Is Profit Maximization Consistent With Wealth Maximization Finance Essay
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Published: Mon, 5 Dec 2016
The objective of the firm is to make profits by meeting the needs of stakeholders. Generally, ceteris paribus, the objective of the firm is to maximize its ultimate value through profit maximization, while incurring the lowest costs. Basically, the ultimate objective of the firm is to acquire maximum profits and wealth for its shareholders. It is important to note that, the value of the firm is signified by the existing market prices of the corporation’s common stock market. In this respect, the maximization of the shareholder’s wealth is enhanced by the acquiring of maximum profits at the lowest level of expenditure. As it has been revealed, there exists a very strong co-relation between profit maximization and wealth maximization, where each of them forms part of the objective of the firm. In this case, the total earnings do not represent the ultimate value of the corporation but the profits accrued from the employed resources. Generally, any firm would be run towards acquirement of high profits which represent its actual wealth for its shareholders (Westerfield 23-75). Firms exist to meet the needs of stakeholders and to provide an efficient way of producing in a non-price environment. Firms exist to meet the needs of the populace in an efficient and a sustainable manner.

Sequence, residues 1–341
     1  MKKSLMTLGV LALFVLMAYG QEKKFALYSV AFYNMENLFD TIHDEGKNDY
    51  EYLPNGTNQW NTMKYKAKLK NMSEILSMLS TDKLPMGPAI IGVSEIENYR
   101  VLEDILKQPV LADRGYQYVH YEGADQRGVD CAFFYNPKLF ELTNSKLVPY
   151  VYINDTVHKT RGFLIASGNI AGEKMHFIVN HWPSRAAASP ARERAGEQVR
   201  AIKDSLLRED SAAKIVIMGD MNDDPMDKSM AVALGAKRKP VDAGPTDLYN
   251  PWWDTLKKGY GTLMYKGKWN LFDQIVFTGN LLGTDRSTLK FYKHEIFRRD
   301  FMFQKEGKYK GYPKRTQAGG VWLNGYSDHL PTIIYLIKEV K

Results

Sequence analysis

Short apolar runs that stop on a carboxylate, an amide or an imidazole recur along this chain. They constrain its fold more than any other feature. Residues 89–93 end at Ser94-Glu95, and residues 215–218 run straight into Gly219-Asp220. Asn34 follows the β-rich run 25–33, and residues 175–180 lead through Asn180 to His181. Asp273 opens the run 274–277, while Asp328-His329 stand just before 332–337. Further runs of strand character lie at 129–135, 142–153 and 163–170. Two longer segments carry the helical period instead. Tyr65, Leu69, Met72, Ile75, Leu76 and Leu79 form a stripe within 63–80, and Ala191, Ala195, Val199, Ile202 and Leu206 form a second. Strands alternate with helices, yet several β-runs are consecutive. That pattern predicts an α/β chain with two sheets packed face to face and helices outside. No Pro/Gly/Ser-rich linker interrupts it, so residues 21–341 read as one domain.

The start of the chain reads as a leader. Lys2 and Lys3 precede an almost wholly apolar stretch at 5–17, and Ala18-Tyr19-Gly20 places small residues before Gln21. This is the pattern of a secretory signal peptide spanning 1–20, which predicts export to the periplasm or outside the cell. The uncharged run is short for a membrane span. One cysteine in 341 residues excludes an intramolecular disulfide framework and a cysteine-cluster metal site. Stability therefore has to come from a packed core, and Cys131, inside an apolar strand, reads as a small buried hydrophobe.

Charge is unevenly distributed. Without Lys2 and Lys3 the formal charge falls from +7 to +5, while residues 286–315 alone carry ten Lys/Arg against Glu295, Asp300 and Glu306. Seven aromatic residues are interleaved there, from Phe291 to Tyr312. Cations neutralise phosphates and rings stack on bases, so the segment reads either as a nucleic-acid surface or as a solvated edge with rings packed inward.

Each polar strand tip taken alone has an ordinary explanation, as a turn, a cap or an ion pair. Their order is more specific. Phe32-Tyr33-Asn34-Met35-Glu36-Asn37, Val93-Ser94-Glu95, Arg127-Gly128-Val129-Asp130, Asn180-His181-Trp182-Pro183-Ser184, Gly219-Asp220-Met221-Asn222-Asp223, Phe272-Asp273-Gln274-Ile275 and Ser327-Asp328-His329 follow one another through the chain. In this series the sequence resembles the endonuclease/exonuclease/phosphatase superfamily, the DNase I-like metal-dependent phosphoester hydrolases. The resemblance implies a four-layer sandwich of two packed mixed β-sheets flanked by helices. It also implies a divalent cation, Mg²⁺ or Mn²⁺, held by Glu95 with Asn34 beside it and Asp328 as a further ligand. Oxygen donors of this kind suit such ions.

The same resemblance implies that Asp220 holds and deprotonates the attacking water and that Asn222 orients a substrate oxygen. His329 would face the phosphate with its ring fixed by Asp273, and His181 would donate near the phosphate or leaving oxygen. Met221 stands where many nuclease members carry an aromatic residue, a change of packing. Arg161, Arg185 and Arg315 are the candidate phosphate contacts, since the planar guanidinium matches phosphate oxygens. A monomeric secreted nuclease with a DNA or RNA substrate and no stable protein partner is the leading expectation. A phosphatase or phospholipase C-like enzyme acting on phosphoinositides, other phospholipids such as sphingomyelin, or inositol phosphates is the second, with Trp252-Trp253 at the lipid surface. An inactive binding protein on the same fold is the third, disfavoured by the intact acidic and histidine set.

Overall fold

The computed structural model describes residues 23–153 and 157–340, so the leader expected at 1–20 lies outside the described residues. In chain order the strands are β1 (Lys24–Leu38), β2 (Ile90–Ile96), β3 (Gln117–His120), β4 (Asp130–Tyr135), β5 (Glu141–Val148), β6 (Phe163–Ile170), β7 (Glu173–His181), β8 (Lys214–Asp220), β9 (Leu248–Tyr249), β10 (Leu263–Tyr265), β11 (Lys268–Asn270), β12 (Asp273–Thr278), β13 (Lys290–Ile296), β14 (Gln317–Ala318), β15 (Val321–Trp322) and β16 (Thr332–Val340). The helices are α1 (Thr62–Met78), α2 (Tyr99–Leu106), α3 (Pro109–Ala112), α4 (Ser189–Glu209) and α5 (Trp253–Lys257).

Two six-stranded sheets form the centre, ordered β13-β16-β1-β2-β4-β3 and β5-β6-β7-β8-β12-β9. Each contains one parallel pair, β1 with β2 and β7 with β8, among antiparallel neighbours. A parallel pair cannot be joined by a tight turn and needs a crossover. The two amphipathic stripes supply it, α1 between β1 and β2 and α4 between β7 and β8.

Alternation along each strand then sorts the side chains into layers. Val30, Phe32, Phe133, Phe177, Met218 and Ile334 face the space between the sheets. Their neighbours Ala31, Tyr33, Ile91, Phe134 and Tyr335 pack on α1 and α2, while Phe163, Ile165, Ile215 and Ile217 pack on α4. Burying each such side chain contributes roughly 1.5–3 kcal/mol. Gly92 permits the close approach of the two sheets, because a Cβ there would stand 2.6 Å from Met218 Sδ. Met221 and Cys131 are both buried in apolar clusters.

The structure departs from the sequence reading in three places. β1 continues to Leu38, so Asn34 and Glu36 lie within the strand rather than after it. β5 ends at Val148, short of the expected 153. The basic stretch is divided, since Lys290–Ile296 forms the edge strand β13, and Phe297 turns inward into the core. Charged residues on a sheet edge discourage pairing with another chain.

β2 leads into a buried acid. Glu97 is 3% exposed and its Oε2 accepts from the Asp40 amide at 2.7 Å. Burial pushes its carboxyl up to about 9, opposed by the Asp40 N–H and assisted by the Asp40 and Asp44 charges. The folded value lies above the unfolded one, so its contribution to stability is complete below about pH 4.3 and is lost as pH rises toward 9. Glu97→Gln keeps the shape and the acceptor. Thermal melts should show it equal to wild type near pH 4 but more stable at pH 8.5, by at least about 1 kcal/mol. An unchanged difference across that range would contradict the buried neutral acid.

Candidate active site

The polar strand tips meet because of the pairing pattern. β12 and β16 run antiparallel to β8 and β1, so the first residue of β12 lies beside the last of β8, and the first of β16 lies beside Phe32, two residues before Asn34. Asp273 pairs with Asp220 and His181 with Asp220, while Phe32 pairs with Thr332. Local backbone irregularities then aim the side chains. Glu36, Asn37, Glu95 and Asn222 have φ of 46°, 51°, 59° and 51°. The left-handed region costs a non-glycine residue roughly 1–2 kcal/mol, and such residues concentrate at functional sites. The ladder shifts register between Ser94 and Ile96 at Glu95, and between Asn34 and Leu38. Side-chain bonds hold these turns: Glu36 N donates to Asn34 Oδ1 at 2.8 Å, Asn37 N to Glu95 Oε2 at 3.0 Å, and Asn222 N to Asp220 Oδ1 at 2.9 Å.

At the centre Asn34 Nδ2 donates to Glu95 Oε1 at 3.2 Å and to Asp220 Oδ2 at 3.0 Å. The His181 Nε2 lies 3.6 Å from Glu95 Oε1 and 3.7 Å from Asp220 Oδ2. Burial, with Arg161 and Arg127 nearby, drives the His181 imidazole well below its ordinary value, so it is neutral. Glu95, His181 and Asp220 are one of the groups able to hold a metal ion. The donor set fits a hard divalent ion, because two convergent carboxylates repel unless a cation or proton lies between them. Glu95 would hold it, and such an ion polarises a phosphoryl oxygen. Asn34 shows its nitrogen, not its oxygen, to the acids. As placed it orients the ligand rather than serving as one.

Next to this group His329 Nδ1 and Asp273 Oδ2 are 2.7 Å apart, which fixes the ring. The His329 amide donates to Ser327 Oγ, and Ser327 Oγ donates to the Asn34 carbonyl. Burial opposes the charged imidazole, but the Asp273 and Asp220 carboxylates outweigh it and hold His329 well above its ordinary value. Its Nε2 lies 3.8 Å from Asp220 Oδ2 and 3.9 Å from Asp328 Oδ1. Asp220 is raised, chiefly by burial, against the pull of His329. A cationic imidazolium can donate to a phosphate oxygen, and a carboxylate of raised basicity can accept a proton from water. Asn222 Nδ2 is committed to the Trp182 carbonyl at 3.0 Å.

2. Is profit maximization consistent with wealth maximization? Why or why not?
Profit maximization is not consistent with wealth maximization. It has some drawbacks and cannot be used for effective evaluation on the performance of the firm.
On the other hand, wealth maximization, which is also known as the net present worth of a firm can be used to evaluate the performance of the firm.
Wealth maximization is seen as more comprehensive and superior than profit maximization. Profit maximization deals with minimizing short term profits and is not forward-looking. Again, the profit maximization objective does not factor in time value of money considerations. Therefore wealth maximization is superior because it is a long term objective and considers the time value of money by discounting cash flows to the present time. Additionally, wealth maximization considers uncertainty by discounting at the required rate of return and considering the other stakeholders of the firm.
It is not clear on when the profit is counted as profit – whether this should be before or after tax. Another uncertainty involves the long-term or short-term profit. Short term profit can be foregone by avoiding some expenditure but in the long run, these expenditures have to be paid for. Therefore long term profit has to be considered, and not short term profit.
Wealth maximization shows the present value of benefits minus the cost of the investment.
Profit maximization does not factor in risk. Different projects have different degrees of risk of future earnings. A project with fluctuating earnings is not the same as one with certainty earnings. By not looking at the risk factor of projects, profit maximization cannot be used for the operational objective of the firm.
Risk is considered in wealth maximization as the discounted rate used to determine the present value of future cash flows factors in the risk.